bySpecial to The Pilot
Cardinal O'Malley applauds Pilar Latorre at a reception to mark her retirement, held Feb. 26 at the Archdiocese of Boston Pastoral Center in Braintree. Pilot photo/Gregory L. Tracy
After over 40 years serving the Hispanic community in the Archdiocese of Boston, Maria Pilar Latorre is retiring March 7. Latorre was Assistant Director for Catechesis to Hispanics in the Archdiocesan Office of Religious Education and most recently in the Hispanic Apostolate.
Now a United States citizen, Latorre was born and raised in Spain, where she became a member of the Teresian Association founded by Spanish priest St. Pedro Poveda.
According to their website: "The Teresian Association is an international Catholic lay association of men and women called together to make Jesus present in today's world through living out the Gospel values in everyday life." Members of the association fulfill this mission through their work in "schools and universities ... pastoral work, the mass media, in health care and research."
After graduate studies in Madrid, the Teresians asked Latorre to go to South America to teach at a girl's school. Some years later, she was asked to go to Boston to work with the growing Hispanic community here.
She arrived in Boston in 1967, a young woman, knowing no one. Soon after she arrived, she was invited to teach Spanish literature at Emmanuel College, a role she continued to fill for more than 30 years, until she retired as a professor emeritus.
Also during her early days in Boston, Latorre found her way to the Cathedral of the Holy Cross and approached the rector, telling him of her desire to teach religious education to the Hispanic population there.
As Latorre tells the story, the best thing that ever happened was the pastor's rejection of her offer. He told her that before she could work with the community she had to become part of the community. Heeding that advice, she began volunteering to prepare children and adults to receive the sacraments and gradually learned the location of other parishes with significant Hispanic population.
Latorre obtained first Communion religion books in English and translated them, page by page, into Spanish, pasting the English and Spanish texts side by side. She made copies on a mimeograph machine. Driving from parish to parish, she prepared children and youth for sacraments, and worked with adults as well.
When Cardinal Humberto Medeiros heard about the work she was doing in Hispanic communities, he invited Latorre to meet with him. Although all her work was done as a volunteer, Cardinal Medeiros wanted Latorre to become part of the Office of Religious Education.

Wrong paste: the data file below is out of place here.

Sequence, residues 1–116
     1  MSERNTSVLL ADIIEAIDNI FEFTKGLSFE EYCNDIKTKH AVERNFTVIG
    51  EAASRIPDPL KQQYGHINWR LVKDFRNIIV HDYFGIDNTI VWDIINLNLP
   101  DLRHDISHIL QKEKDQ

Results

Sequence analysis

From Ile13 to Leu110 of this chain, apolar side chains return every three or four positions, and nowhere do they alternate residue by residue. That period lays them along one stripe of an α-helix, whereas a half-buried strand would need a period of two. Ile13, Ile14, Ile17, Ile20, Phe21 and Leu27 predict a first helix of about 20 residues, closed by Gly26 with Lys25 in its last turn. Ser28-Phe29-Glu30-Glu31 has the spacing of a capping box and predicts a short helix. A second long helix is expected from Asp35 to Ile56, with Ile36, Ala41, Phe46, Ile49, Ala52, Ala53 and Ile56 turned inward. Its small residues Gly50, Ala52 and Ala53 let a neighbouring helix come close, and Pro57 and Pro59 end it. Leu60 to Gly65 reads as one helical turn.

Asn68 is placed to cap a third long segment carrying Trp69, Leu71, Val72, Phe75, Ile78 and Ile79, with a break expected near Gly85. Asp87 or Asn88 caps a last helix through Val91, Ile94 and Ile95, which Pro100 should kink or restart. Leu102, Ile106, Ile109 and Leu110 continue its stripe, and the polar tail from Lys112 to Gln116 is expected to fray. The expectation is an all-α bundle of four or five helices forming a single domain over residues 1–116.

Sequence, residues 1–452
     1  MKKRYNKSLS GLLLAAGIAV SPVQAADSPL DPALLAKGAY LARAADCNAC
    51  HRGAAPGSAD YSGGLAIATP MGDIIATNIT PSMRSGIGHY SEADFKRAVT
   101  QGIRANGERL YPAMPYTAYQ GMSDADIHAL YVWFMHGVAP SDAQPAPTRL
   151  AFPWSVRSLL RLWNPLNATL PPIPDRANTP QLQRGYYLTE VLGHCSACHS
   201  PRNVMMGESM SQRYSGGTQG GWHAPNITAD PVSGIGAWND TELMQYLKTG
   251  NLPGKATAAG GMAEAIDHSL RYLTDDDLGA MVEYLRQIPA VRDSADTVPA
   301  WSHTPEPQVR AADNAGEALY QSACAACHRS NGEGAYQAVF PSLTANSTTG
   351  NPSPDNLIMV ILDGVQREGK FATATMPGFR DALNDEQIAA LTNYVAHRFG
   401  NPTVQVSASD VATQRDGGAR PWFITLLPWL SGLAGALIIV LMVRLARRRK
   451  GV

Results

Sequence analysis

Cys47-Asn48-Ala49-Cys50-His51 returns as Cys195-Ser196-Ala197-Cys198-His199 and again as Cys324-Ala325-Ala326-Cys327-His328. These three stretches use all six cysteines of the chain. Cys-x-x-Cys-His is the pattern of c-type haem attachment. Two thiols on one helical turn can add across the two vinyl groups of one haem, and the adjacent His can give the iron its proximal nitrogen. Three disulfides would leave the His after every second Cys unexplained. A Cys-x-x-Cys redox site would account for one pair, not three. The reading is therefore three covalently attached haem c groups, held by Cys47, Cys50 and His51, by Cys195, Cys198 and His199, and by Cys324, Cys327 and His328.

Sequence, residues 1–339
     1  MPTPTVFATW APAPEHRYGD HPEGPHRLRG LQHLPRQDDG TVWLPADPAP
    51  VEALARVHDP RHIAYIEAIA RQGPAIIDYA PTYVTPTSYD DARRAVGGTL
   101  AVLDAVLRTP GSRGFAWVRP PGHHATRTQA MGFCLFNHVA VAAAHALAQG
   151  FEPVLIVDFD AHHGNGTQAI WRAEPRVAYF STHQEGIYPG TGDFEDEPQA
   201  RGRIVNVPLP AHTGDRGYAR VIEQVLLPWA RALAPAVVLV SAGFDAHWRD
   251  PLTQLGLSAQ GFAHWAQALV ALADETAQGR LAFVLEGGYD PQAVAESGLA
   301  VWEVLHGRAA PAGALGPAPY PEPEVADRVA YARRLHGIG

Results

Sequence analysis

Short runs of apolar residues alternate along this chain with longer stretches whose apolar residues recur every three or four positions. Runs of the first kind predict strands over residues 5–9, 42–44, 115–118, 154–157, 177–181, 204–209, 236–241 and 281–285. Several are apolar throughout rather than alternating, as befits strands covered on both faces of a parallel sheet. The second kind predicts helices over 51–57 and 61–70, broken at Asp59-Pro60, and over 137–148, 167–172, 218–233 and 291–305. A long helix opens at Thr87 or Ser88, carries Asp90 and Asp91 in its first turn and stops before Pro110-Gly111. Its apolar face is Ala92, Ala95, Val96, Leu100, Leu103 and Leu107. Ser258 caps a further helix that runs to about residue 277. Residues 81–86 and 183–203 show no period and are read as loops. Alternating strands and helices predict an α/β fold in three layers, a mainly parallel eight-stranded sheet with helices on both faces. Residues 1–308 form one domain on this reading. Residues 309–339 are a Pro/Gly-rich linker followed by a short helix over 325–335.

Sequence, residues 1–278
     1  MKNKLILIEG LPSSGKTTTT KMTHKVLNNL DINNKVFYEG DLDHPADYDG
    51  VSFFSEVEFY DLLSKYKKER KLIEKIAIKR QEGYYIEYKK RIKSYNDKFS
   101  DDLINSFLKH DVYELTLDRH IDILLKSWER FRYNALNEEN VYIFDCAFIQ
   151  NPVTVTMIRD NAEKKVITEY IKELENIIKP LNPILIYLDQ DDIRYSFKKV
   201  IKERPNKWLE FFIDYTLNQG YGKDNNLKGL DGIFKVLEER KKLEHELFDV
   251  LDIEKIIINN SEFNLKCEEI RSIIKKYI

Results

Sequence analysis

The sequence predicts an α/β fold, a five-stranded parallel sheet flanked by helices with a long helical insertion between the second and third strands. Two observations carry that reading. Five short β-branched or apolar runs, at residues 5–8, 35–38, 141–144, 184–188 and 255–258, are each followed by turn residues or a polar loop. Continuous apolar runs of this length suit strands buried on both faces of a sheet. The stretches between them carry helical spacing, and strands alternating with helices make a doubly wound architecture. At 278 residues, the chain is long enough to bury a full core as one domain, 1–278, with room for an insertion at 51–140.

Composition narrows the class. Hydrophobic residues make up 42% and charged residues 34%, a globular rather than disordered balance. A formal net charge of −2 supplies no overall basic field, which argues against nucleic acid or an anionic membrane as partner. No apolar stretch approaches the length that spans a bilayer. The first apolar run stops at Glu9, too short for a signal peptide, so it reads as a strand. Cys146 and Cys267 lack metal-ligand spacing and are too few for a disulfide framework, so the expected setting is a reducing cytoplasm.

Latorre recalls that, "He assured me that as part of the ORE I would have solid support, learn about excellent catechesis, and the ORE would help explore and develop resources. He felt that my presence and the work for justice for the Spanish speaking would bring a rich perspective to the archdiocesan catechetical program."
Later, Cardinal Bernard Law asked Latorre to develop a catechist certification program and other adult education and formation programs. While part of the ORE she developed Basic and Intermediate Catechist programs, and offered formation for extraordinary ministers of holy Communion and lectors. Annual retreats and workshop days were added.
Perhaps her most significant achievement was the establishment of the Instituto de Formacion de Laicos (Institute for the Formation of the Laity), an intense, leadership program for Spanish speaking adults. Meeting for prayer and instruction for four hours every Saturday for two-years, the program provides a solid foundation in theology, Scripture, Church documents, and specialized formation in specific areas of parish life: liturgy, youth ministry, marriage preparation, prison and hospital ministry, and religious education. The program has over 300 graduates who return to their parishes equipped to be lay leaders.
At a reception in her honor at the Archdiocese's Pastoral Center Feb. 26, Latorre thanked Cardinal Seán P. O'Malley for his encouragement and support of her and the Hispanic community.
She also thanked her Pastoral Center colleagues saying, "When I retire and return to Spain, hopefully to continue to work for the poor and marginalized, I will remember and speak of the goodness of the Archdiocese of Boston. I will especially remember you who are members of the pastoral staff. Your kindness and encouragement have made my days here rich and happy. I have loved the people, my work, and I love all of you."